My friend Renee had a friend growing up whose mother saw #DavidCassidy at SPAC (Saratoga Performing Arts Center) back in the day and she brought a lampshade with her that had his picture on it (her own decoupage* artwork), and she threw it up on the stage and hit him.
To hear Renee tell the story: it hadn’t occurred to her she might hurt him throwing a lampshade at him, she said. She was just trying to get his attention.
Renee who is more of a millenial than me (I’m more the friend’s mother’s age.) was my partner in crime a few years ago post divorce (my divorce), when she shared the story. She hatched a plan one night to look for his house in Saratoga. (We heard he had a house cause he liked the track.)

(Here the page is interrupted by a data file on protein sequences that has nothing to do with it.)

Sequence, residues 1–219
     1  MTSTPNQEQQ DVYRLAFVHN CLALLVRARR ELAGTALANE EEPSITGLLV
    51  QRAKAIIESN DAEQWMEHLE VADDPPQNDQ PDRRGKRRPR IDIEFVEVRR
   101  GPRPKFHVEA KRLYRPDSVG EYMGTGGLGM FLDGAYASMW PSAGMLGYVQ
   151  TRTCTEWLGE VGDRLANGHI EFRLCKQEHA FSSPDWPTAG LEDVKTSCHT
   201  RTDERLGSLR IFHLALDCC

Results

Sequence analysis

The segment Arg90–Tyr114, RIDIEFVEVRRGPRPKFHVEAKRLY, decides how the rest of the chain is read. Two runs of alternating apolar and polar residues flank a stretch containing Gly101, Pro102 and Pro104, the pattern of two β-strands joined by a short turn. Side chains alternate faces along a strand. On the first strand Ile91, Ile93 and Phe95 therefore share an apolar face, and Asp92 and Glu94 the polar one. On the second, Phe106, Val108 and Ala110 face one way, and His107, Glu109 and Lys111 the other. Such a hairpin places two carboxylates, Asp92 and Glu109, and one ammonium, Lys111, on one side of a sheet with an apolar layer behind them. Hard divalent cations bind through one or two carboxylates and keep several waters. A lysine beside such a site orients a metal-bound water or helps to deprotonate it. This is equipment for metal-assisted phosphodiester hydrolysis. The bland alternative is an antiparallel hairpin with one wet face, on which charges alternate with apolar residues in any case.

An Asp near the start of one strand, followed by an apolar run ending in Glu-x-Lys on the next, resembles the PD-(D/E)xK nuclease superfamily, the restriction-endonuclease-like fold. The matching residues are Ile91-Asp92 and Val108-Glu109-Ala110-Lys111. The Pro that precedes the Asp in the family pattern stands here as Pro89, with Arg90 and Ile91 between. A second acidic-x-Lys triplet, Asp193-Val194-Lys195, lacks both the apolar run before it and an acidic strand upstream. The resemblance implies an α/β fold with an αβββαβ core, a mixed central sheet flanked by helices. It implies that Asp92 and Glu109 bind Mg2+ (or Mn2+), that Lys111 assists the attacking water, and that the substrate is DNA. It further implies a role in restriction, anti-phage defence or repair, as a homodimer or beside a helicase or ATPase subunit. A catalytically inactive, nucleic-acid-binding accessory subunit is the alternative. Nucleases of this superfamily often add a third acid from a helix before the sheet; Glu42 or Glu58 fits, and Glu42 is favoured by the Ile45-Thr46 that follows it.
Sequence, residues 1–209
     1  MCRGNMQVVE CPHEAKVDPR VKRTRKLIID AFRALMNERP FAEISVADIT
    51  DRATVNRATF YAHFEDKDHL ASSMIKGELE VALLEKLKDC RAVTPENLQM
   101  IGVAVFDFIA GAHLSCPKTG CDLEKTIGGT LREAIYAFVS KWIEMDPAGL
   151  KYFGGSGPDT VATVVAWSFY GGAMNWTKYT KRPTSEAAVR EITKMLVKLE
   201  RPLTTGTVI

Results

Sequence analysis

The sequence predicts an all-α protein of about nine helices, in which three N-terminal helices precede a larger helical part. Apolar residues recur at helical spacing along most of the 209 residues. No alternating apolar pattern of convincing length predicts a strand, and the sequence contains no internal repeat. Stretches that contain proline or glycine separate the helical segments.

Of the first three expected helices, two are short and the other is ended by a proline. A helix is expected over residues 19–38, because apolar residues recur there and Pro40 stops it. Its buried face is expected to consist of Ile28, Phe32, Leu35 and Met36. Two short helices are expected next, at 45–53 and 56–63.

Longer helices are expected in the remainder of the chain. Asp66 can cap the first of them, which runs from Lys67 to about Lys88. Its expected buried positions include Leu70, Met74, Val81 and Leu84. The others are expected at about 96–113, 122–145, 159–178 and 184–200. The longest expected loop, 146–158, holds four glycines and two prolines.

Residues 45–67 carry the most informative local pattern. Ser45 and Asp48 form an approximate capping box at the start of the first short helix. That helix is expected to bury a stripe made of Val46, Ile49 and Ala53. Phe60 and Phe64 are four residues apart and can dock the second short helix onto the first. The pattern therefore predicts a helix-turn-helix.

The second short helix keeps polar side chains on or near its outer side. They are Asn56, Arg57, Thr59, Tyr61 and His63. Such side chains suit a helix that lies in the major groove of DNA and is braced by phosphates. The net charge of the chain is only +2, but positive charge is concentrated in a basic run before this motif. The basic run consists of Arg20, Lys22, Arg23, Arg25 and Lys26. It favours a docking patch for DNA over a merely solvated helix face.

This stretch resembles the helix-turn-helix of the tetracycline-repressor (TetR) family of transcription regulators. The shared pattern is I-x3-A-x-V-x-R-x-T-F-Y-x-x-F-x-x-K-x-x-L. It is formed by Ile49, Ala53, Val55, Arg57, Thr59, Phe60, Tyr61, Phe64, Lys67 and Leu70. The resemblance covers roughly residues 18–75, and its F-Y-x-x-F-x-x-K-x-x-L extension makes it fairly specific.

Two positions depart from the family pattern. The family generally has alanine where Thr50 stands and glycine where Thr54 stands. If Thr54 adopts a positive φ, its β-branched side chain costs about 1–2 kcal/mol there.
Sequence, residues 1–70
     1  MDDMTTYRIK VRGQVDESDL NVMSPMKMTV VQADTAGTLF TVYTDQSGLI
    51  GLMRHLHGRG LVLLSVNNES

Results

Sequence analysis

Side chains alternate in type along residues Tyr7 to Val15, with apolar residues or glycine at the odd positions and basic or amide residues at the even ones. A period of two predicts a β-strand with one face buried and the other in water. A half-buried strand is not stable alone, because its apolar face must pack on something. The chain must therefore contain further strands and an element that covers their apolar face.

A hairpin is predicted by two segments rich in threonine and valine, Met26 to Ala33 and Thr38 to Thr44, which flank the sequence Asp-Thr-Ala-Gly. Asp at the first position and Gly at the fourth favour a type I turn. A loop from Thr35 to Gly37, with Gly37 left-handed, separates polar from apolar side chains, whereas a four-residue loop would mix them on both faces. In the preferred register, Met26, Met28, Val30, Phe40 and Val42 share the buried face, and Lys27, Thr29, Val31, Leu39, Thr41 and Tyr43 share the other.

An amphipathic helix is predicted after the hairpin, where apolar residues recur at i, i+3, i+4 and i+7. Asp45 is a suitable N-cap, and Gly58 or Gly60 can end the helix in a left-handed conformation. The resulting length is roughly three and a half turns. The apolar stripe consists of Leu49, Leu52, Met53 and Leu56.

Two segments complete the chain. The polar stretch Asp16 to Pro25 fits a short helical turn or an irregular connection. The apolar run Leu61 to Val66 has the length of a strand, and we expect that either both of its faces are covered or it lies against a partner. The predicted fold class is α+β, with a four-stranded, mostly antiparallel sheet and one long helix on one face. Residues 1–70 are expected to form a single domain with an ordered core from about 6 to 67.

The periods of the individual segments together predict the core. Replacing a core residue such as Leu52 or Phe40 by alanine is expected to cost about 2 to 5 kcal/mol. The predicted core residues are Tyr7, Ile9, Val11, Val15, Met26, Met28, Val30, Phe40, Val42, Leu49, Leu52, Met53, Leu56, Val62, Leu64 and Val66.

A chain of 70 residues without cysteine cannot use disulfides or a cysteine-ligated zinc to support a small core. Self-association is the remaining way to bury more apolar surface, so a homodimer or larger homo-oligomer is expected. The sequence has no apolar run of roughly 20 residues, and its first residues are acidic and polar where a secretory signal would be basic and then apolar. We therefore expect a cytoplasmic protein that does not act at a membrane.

I, not a millenial, had (have) all his albums. Renee didn’t think anyone could forget being hit by a lampshade while on stage singing. “We’ll take the albums with us,” she said, as though that would somehow give us an in. “After all, who couldn’t forget being hit by a lampshade.”
Sounded like a good idea to me. Saratoga Springs is always a good destination. David Cassidy was my Frank Sinatra, my Beatles, my Backstreet Boys.
Not long after she hatched the plan, we were visiting a friend when Renee started to tell the story about her friend and the lampshade and our plan to track down David Cassidy. She shared all the details.
She got to the part about the albums: “We’re gonna put Sheila’s photo albums in her trunk…” she said.
“Photo albums?!” I said. “Renee, they’re not photo albums; they’re RECORD albums.”
* In case you’re a millenial: decoupage was popular in the 1970s and is the art or technique of decorating something with cut-outs of paper, linoleum, plastic, or other flat material over which varnish or lacquer is applied.
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